New Zealand is drumming up support for a declaration on international carbon trading at the Paris climate talks, a move it hopes will bolster certainty that emissions markets have a future regardless of the outcome in the French capital.
New Zealand is the only developed country that has made its INDC emissions target entirely conditional on access to the international carbon market and accounting rules.
In Paris, it has approached most of the nearly 100 countries that have made mentions of markets in their post-2020 plans, developed and developing nations alike, hoping to win support for its plan.
The declaration has not been released yet and the exact wording will depend on the outcome of the talks, but the proverbial cat was inadvertently let out of the bag on Wednesday – much to the dismay of the NZ delegation – when Australian Foreign Minister Julie Bishop said in a speech that “Australia supports the New Zealand Paris declaration on carbon markets”.
After the speech, Jo Tyndall, New Zealand’s chief negotiator, told Carbon Pulse in an email.
“It’s no secret that carbon markets are a priority issue for New Zealand. We’ve also made it clear we want to send some signals to and about the UN market as part of our engagement at the COP,” she said.
“There’s a tendency to jargon and code in this process, so we want to send a clear signal that (a) carbon markets will have a strong role in the post-2020 period, and (b) that we’ll work to develop standards and guidelines for the environmental integrity of market mechanisms and to avoid any double-counting or double-claiming of units.”
The concept of carbon markets is controversial in some quarters at the talks, which is why recent rounds of negotiations have referred to “international transfer of mitigation outcomes” rather than mentioning markets outright.
IN OR OUT?
The latest draft text for an overarching Paris agreement published by the French presidency on Wednesday included a proposal for a market-based mechanism, though COP President Laurent Fabius said in his speech that the issue was among those where only “initial progress” had been accomplished in getting the necessary consensus among all 196 UNFCCC parties.
Venezuela’s Claudia Salerno told the conference on Wednesday evening that the ALBA alliance of Latin American nations opposed carbon markets and rich countries buying the right to pollute.
She said the language on “cooperative approaches” in the current draft text should be removed due to its reference to carbon pricing, adding that “there must be a powerful lobby behind it”.
Market proponents said last week they were concerned that a potential stalemate in Paris might end with markets being dropped from the text, because major parties such as China, the EU and the US – while supporting markets – don’t in their INDCs have immediate plans to outsource emission reductions, and therefore having market-based mechanisms explicitly supported in the agreement may not be a top priority for them.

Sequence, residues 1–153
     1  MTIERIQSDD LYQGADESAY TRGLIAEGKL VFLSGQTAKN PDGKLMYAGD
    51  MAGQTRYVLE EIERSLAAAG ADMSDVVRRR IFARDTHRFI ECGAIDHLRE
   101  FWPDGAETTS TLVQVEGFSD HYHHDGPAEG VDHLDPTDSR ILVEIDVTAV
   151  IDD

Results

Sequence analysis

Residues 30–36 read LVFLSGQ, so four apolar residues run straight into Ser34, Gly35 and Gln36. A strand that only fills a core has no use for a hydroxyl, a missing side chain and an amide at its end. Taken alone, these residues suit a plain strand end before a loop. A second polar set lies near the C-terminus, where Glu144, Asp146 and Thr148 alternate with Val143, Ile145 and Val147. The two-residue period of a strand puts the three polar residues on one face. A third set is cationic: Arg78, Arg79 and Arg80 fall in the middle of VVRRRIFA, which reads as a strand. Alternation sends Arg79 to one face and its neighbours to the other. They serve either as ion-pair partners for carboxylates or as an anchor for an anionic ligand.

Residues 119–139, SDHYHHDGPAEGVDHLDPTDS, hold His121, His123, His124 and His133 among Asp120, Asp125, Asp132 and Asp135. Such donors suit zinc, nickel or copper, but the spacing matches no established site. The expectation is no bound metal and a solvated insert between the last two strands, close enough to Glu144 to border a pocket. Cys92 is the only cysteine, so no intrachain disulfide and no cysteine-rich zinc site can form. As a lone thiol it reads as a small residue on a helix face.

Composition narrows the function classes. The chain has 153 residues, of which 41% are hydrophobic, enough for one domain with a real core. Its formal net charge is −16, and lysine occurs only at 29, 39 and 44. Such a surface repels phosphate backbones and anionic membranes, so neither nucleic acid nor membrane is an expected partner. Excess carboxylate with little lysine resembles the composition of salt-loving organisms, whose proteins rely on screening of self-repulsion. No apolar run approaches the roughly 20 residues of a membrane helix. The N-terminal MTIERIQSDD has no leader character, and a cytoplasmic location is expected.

The New Zealand declaration will seek to ensure that markets continue to play a role in international climate change action, though the country has withheld the statement so far partly over concerns that pursuing a market-based approach regardless of what is agreed in Paris may be seen as arrogant. And that may have caused reluctance among other countries to support the declaration.
Negotiators and experts from a number of countries have made it clear on the sidelines of the talks that nations have the right to – and most probably will – trade emissions internationally, even if a system for it is not anchored in the Paris pact.
Should that situation occur, backers of an international market would likely need to establish a new oversight body to monitor the transfer of units across borders, implement MRV regulations, and so on, taking that responsibility out of the UN’s hands.
However, while business group IETA believes international carbon trade drives down the cost of emission reductions and enables nations to set deeper reduction goals, many environmental campaigners are sceptical and want countries to focus on the direct financing of low-carbon development in poorer nations.
“There is no future for carbon offsetting in the post-2020 world: there is just no space in the remaining global carbon budget to not be acting to reduce emissions,” said Femke de Jong, Carbon Market Watch’s EU Policy Advisor.
By Stian Reklev and Ben Garside – firstname.lastname@example.org